He was born in Poland and came to New York in the 1880s. A pioneer in the Jewish anarchist movement in America, he served as secretary of the Jewish Propaganda Organization (founded by F. Mirovitsh in June 1882) which held as its goal to lead agitation for freedom of thought among the Jewish masses and Jewish intellectuals. In 1884 he worked in Duke’s tobacco factory in Durham, North Carolina, where he launched a covert union of the local workers. He later was a resident of Macon, Georgia, where he involved himself in community work and even became president of an Orthodox synagogue, while still always remaining faithful to his anarchist views. Together with Mirovitsh, he authored: Der amerikaner (The American), “practical textbook with which in a short time one will learn to speak, read, and write the English language without any help from a teacher,” published by Sarasohn’s Yudishe gazeten (Jewish gazette) (New York, 1883), 192 pp.; this book should be considered the second Yiddish book published in the United States—after Yankev Tsvi Sobel’s Shir hazahav lekoved yisroel hazaken (The song of gold in honor of ancient Israel).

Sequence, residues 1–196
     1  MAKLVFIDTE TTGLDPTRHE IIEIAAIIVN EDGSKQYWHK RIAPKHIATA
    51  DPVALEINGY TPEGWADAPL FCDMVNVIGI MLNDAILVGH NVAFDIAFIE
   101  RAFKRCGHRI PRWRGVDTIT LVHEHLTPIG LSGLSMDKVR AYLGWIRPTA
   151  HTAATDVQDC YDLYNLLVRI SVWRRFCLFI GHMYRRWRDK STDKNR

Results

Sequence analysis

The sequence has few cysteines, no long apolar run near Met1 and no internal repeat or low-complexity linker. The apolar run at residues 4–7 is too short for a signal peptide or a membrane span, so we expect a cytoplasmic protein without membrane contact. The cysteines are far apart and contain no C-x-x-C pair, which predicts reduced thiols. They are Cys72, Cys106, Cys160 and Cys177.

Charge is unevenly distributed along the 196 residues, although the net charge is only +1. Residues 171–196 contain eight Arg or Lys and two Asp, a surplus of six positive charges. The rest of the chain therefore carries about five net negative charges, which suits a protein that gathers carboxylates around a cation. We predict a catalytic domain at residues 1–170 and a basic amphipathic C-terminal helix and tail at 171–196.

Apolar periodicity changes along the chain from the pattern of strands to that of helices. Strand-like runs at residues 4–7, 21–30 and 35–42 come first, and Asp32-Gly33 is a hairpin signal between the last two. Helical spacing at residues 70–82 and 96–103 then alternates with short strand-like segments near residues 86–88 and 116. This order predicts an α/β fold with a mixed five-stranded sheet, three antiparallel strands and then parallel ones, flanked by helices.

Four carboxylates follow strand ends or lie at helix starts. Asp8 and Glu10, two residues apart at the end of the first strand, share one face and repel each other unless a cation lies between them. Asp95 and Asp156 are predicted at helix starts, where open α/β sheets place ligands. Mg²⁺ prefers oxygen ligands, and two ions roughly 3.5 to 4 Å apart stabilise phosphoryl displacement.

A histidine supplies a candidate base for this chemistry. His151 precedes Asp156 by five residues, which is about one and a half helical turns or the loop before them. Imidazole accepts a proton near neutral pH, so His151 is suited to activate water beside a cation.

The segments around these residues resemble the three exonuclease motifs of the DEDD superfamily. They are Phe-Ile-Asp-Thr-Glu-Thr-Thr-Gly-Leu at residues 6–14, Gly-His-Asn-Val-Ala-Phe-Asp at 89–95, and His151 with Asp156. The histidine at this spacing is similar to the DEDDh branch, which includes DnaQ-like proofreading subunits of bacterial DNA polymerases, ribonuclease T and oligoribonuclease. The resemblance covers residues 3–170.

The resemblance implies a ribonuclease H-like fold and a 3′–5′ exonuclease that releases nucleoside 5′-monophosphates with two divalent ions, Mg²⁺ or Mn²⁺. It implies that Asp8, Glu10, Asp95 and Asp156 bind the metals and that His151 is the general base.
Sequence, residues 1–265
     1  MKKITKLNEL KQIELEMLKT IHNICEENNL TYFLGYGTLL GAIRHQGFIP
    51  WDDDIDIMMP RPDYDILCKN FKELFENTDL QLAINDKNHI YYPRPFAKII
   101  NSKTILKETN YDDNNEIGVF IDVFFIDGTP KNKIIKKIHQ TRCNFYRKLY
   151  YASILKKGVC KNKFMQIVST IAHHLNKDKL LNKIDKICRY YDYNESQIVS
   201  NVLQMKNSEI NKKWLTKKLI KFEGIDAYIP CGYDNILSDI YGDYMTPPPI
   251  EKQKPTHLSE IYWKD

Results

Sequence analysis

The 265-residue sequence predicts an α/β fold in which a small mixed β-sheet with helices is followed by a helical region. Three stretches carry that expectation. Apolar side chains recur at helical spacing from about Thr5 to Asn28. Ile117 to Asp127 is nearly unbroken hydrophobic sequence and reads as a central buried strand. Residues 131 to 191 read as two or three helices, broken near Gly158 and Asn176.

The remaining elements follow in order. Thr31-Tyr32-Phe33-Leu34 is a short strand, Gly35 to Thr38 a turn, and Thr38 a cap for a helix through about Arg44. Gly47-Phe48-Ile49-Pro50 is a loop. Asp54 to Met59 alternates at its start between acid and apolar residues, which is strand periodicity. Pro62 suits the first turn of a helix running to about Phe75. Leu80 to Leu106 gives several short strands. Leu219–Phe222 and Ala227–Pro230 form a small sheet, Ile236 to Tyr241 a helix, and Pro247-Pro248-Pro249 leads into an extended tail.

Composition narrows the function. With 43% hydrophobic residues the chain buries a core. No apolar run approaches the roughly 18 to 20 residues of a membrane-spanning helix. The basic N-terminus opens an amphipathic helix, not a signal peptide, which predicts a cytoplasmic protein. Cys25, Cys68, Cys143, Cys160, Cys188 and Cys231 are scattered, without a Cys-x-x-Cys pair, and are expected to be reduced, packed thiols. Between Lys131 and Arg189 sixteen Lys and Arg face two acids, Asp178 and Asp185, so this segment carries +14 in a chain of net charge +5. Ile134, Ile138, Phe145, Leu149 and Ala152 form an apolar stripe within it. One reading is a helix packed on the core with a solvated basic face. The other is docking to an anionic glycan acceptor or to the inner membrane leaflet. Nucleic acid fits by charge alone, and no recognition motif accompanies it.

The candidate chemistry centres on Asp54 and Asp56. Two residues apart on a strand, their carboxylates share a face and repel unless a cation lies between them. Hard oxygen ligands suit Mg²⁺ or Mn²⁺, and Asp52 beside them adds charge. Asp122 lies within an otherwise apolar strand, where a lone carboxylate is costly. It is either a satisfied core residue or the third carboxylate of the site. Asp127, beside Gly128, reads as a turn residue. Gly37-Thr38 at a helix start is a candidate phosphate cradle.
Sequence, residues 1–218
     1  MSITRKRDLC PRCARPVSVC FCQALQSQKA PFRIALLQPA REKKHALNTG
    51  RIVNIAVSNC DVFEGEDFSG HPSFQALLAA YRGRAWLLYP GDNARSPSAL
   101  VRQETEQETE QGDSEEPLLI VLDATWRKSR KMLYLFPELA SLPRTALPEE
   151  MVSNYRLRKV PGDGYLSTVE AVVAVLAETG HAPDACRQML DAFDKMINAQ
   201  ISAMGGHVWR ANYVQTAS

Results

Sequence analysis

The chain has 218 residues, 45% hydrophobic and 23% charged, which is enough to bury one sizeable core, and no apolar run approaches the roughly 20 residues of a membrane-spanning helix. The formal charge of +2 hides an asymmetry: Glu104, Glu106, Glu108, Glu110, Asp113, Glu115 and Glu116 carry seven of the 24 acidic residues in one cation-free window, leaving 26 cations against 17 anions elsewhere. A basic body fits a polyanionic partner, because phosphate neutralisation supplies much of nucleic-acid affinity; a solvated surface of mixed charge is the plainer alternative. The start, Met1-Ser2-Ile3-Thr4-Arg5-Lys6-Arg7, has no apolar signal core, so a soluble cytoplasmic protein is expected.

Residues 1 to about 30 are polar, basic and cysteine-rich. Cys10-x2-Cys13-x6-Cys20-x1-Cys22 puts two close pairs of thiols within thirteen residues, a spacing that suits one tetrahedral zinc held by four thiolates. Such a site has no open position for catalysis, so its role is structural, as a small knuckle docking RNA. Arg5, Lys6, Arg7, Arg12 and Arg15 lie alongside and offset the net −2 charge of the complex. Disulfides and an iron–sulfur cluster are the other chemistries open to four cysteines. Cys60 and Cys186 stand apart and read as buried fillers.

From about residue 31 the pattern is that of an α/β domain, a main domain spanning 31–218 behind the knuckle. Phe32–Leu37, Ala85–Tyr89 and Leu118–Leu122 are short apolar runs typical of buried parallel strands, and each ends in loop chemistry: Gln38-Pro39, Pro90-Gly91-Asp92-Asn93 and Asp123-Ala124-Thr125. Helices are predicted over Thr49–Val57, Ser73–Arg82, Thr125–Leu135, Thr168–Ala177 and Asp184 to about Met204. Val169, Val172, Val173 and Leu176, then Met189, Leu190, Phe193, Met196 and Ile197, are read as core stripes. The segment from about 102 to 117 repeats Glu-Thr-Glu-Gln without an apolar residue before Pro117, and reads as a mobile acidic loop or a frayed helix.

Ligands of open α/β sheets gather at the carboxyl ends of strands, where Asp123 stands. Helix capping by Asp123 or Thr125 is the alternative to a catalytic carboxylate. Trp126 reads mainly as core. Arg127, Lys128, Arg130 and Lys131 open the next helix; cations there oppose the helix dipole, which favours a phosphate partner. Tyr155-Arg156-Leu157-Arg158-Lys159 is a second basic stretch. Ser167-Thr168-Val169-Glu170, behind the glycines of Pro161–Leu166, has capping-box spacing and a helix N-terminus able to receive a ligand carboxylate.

Sources: Ab. Kahan, Bleter fun mayn lebn (Pages from my life), vol. 2 (New York, 1926), p. 108 and vol. 4 (1928), pp. 566-67; Moyshe Shtarkman, in Yorbukh fun amopteyl (Annual from the American branch [of YIVO]), vol. 2 (New York, 1939), pp. 181-90; Geshikhte fun der yidisher arbeter bavegung in di fareynikte shtatn (History of the Jewish labor movement in the United States), vol. 2 (New York: YIVO, 1945), see index; Yorbukh (New York) (1942-1943); Tog-morgn-zhurnal (November 14, 1954); Metsuda 7 (1953/1954).